Mining for the Future conference at the Geological Society of London

Frances Wall talking about responsible sourcing at the Bryan Lovell meeting, copyright Eva Marquis
Panel discussion at the Bryan Lovell meeting, copyright Frances Wall

Geoscientists from academia, government, industry and NGOs were joined by experts in economics and social sciences at an excellent two day conference at the Geological Society, London on 23 and 24 November 2017. This was the second in the Geological Society’s annual series of Bryan Lovell meetings, aiming to encourage discussion on topics that connect geosciences to society.

Keynote speakers included Peter Buchholz of the German Mineral Resources Agency who discussed how increased quantities of many minerals will be needed for the transition to the renewable energy and digital era, and Daniel Franks of the United Nations Development Programme (UNDP) who highlighted the importance of construction and industrial minerals as ‘development minerals’. In his keynote, Richard Herrington made the point that we are not running out of any minerals but constraints to production will come from environmental and social concerns, such as land, energy and water use.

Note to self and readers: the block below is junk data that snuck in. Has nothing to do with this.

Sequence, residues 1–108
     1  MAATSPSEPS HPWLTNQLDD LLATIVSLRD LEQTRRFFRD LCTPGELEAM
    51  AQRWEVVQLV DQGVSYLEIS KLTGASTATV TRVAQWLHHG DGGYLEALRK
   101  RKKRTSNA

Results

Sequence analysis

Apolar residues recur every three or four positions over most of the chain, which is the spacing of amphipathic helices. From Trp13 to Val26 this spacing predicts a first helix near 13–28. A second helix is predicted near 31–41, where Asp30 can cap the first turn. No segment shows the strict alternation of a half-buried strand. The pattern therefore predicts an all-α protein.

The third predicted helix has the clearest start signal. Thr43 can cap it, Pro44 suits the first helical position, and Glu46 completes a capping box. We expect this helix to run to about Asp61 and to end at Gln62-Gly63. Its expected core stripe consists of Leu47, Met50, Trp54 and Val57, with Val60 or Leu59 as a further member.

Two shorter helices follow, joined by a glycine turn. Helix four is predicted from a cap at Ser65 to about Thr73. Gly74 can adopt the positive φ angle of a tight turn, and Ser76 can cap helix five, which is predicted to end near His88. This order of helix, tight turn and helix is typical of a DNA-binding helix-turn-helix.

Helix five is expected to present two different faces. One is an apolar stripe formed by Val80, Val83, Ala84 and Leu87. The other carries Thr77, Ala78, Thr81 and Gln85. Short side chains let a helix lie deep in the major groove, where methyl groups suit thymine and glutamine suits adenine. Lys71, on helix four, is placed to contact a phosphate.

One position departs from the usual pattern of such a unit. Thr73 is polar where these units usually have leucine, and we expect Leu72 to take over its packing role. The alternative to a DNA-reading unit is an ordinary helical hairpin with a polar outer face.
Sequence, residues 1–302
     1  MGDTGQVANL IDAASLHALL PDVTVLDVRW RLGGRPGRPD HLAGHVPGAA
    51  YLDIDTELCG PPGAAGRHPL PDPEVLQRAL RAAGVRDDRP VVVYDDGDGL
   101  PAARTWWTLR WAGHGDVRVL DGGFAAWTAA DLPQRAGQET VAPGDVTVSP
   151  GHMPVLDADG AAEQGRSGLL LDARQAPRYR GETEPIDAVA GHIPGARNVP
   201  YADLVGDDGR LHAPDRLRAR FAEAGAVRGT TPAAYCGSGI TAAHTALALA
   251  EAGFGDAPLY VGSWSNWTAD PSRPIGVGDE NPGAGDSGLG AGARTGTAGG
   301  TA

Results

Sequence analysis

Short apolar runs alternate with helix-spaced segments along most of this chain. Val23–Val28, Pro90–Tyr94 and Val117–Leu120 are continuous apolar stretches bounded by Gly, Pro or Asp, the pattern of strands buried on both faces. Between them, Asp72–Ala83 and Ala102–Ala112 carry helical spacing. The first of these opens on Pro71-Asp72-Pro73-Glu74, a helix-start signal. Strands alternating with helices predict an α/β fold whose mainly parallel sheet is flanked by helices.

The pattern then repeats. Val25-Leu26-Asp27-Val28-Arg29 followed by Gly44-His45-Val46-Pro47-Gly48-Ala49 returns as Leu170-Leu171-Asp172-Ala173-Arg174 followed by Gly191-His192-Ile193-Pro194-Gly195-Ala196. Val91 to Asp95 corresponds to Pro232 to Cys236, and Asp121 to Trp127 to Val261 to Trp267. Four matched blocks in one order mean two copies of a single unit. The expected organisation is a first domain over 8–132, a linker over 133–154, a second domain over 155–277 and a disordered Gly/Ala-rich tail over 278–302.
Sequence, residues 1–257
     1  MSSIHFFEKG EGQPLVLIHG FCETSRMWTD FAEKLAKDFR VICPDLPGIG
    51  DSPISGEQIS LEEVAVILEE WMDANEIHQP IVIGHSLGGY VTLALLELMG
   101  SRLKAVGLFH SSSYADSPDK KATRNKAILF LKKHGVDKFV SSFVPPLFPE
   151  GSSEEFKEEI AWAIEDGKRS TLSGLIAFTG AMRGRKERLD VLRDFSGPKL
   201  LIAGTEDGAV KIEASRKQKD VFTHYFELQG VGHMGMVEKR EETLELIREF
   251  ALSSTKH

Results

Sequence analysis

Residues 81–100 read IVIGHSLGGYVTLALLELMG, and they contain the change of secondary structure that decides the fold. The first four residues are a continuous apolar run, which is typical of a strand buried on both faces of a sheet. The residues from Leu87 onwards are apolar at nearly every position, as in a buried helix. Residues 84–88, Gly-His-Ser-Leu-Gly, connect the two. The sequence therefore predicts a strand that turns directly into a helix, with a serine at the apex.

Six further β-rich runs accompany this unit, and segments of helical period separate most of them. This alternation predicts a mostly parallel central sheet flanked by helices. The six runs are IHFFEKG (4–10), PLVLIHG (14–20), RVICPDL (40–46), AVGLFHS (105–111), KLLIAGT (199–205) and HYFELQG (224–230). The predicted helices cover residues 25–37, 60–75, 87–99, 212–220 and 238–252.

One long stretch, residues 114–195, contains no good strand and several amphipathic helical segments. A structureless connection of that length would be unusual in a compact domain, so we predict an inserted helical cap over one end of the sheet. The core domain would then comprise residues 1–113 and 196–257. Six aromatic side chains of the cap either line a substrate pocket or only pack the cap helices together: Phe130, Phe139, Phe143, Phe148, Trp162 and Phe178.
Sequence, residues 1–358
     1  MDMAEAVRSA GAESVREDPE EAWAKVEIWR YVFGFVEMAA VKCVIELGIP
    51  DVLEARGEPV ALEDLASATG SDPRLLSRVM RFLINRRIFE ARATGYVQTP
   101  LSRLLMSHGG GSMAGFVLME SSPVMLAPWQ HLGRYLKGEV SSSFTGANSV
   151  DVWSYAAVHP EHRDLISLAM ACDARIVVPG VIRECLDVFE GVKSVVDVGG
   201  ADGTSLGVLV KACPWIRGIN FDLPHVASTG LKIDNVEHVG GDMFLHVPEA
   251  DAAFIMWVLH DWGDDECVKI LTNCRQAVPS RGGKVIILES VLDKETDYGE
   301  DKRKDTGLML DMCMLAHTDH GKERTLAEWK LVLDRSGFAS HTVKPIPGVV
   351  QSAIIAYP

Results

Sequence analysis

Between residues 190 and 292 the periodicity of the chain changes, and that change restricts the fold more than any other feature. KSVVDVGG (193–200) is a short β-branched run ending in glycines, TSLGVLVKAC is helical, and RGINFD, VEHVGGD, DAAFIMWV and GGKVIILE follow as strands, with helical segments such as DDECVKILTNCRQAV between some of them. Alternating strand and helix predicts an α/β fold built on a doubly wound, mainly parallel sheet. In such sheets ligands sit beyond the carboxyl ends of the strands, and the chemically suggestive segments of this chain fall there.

SoS RARE was well represented at the meeting. Kathryn Goodenough spoke about the SoS RARE and HiTech AlkCarb projects and highlighted how much we have to learn about ore deposits and processing of critical metals such as rare earths. Frances Wall gave a talk on responsible sourcing of minerals, co-authored by Rob Pell who also attended. Industry partner, David Merriman of Roskill explained the current thinking on future projections for raw materials use in new technologies.

Bryan Lovell meetings have plenty of time for panel discussions and several interesting issues were raised, including the importance of the new Sirius Minerals potash mine in North Yorkshire with its ‘hidden’ profile as an example of future mine design; the problem with Apple’s pledge to use only recycled materials in manufacturing at some time in the future, given the mismatch between the metals and minerals in current use and those forecast to be needed; and the importance of raw materials in models for the circular economy. This is a topic often forgotten, except by mining experts, and there is an urgent need to make sure that manufacturing industry and also academics working on the circular economy understand all aspects of raw materials supply.

Notes from the conference will be sent to the convenors of the Resourcing Future Generations RFG2018 conference in Vancouver next June where many of these topics will be discussed.

Frances Wall, November 2017


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